1-29 The Taos Rebellion
By JAY MILLER
SANTA FE -- New Mexico currently is in the middle of the 160th anniversary of the short-lived Taos Rebellion of 1847. It bears some consideration.
Ten years ago, I wrote a column criticizing the New Mexico historian and state museum officials for ignoring the 150th anniversary of New Mexico becoming part of the United States in the summer of 1846. How could anyone be so unappreciative of being an American?
In response, I heard from friends in the New Mexico Historical Society that no one in its ranks had wanted to write a paper in commemoration of the event. The strong implication was that maybe I should study my history a little more fully that what I had learned in school.
I've done that, and although it didn't take me 10 years to get a clearer picture, I never got around to putting it in words. This seems to be an appropriate time for more than one reason.
The decision to make war on Mexico was part of America's belief that our Manifest Destiny was to spread democracy throughout the continent and to remake the world in our image.
The expectation was that citizens in New Mexico and elsewhere would welcome liberation from the corrupt Mexican regime.
It didn't seem to occur to anyone that while New Mexicans might have little love for their former masters in Mexico City, they just might not be overjoyed at being conquered and occupied by a foreign power.
I had learned in school that Gen. Stephen Watts Kearny had benevolently written a new code of laws to govern us. I didn't learn until later that international law called for him to continue the existing local government under military supervision.
Instead Kearny replaced Gov. Manuel Armijo and his administration with Gov. William Bent and a group of Anglos and a few Mexican traders who had grown rich from business over the Santa Fe Trail.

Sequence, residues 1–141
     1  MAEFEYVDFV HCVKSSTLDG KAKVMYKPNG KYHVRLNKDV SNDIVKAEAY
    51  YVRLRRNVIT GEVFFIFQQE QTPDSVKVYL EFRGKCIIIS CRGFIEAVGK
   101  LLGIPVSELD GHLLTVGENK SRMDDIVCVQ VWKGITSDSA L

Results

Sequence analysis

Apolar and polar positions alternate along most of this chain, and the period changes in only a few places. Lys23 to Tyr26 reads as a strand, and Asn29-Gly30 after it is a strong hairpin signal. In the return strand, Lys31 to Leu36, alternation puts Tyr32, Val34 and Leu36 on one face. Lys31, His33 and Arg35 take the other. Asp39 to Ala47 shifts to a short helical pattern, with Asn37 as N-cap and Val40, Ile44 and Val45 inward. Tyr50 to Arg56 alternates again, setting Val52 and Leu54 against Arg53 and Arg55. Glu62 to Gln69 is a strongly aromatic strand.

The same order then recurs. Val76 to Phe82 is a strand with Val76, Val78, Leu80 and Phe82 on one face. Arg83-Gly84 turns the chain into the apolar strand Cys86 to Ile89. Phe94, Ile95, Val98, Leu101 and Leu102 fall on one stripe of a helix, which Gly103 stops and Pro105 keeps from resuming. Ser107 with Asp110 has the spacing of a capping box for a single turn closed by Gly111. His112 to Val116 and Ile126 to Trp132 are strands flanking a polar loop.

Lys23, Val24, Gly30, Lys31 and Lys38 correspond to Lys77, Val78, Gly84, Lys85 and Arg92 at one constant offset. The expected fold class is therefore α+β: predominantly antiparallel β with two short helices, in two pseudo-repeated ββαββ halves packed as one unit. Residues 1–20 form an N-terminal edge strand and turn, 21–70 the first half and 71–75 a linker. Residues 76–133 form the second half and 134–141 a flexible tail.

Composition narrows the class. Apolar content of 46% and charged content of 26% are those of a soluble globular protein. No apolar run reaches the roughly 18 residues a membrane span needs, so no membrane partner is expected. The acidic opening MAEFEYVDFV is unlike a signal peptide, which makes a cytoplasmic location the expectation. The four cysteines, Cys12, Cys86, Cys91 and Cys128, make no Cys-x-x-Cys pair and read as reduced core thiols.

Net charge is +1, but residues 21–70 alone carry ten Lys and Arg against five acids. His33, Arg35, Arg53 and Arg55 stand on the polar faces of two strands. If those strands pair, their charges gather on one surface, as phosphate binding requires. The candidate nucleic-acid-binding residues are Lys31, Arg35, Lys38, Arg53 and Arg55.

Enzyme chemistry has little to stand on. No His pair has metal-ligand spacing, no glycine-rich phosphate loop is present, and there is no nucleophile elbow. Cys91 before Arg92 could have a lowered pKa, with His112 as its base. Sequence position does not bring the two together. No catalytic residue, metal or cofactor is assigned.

To most New Mexicans, this new government was alien and unwelcome.
Soon after, Kearny and his troops departed New Mexico to conquer California and Chihuahua, leaving a scattering of garrisons manned by volunteer troops that showed visible bigotry toward Mexicans and little discipline.
By December 1846, an insurgency plot was coming together. On January 19, the uprising erupted at Bent's home in Taos, where the governor and some relatives and supporters were massacred. Rebel ranks grew to several hundred.
The garrisons scattered around the state were brought in to quell the insurgency in a series of bloody skirmishes, culminating with the bombardment and assault on the church at Pueblo de Taos February 3-4.
As the war moved farther south and west, U.S. troops continued to take land, move on, and become surprised again that anyone would react negatively to U.S. invasion and occupation. Californians nearly drove U.S. forces out of their province before losing to a counterattack. Guerilla warfare erupted throughout Mexico.
As the war continued, disgust with the whole business grew throughout the United States. By the end, the war was regarded in this country as illegitimate, started under false pretenses and pursued incompetently. In his annual message to Congress in 1846, President James Polk accused war critics of "giving aid and comfort to the enemy."
So now I understand a little more about why there were no commemorations in 1996 of New Mexico becoming part of the United States. There is no doubt that almost all New Mexicans are grateful to be citizens of the United States. It's just that getting there was a little problematic.
And it's also evident that there isn't much new under the sun. Not much should be a surprise to those who study their history well. And it doesn't seem that our nation's leaders have done that.
But there is hope. As Winston Churchill says, "America always does the right thing -- after exhausting all alternatives."
JAY MILLER, 3 La Tusa, Santa Fe, NM 87505
(ph) 982-2723, (fax) 984-0982, (e-mail) firstname.lastname@example.org